Monsanto Co's seed research unit in southeastern Brazil was invaded by about 300 people on Friday.
Women from Via Campesina, an activist group, broke into the facility in Santa Cruz das Palmeiras, Sao Paulo state, and destroyed a greenhouse and a testing field for genetically modified corn, the group said in an e-mailed statement.
The action was taken to protest Brazil's approval last month of genetically modified corn from Monsanto and Bayer AG for sale and planting, said Igor Felippe Santos, a spokesman for a related advocacy group, the Movimento dos Sem-Terra. He described the 5am incident as "peaceful."
"It was directed only at the MON810 seed, which gained government approval," Santos said in a telephone interview. "No action is planned against Bayer."
Monsanto condemned the action yesterday in an e-mailed statement.
"In a democratic regime such as the one we live in, disagreements -- ideological or otherwise -- should be dealt with via legal paths and not via attacks on individuals or on private property," it said.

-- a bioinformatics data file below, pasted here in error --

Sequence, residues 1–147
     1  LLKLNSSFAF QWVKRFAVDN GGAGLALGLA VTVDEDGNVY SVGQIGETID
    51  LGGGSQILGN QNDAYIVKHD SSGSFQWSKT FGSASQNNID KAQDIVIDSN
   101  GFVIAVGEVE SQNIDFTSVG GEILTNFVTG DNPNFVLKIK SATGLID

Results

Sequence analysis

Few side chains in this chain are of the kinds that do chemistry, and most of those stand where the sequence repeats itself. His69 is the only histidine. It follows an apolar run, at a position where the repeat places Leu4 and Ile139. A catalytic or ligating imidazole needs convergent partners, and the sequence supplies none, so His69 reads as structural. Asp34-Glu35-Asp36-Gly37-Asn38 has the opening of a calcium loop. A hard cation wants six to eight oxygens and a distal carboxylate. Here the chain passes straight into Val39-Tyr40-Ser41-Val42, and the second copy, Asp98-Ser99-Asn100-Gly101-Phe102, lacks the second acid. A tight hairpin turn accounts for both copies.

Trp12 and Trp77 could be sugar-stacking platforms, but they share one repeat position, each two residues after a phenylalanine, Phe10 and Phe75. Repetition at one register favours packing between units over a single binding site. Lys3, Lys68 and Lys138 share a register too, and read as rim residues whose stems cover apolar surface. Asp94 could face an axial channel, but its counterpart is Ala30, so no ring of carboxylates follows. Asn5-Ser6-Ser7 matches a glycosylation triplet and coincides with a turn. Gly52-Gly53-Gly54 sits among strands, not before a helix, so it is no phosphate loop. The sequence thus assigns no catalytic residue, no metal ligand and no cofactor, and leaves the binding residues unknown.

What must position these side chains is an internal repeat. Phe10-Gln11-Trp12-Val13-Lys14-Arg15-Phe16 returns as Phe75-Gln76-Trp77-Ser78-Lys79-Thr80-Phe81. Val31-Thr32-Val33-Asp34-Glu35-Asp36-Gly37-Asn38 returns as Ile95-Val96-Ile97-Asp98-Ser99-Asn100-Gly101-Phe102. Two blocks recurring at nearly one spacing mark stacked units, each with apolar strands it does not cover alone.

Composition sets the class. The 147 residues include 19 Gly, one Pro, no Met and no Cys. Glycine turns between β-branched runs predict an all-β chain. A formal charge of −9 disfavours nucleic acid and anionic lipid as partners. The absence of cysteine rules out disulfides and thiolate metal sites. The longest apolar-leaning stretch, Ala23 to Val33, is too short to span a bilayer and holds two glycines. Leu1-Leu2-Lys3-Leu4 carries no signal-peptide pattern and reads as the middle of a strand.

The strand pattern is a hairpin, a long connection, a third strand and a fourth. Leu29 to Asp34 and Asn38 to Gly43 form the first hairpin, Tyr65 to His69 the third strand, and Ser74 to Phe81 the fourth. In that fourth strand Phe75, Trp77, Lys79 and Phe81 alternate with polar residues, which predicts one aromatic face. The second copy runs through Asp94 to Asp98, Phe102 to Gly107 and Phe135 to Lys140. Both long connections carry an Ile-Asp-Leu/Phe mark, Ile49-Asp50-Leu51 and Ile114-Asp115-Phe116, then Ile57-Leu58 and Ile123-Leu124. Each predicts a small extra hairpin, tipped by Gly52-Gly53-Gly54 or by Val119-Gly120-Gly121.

Members of Via Campesina, an international group made up of rural workers and organizations, including Movimento dos Sem-Terra, have taken destructive actions against other international companies before. Movimento dos Sem-Terra translates to the Landless Workers Movement.
"Actions by the female activists will continue until the middle of next week, in commemoration of International Women's Day," Santos said.
About 900 women from Via Campesina destroyed 4 hectares of industrial eucalyptus plantations cultivated by Finland's Stora Enso Oyj in Rio Grande do Sul state, near the Uruguay border, on Tuesday, Santos said.
Via Campesina claimed Stora Enso's site was illegal because of its proximity to the border, the Landless Workers said in a statement.
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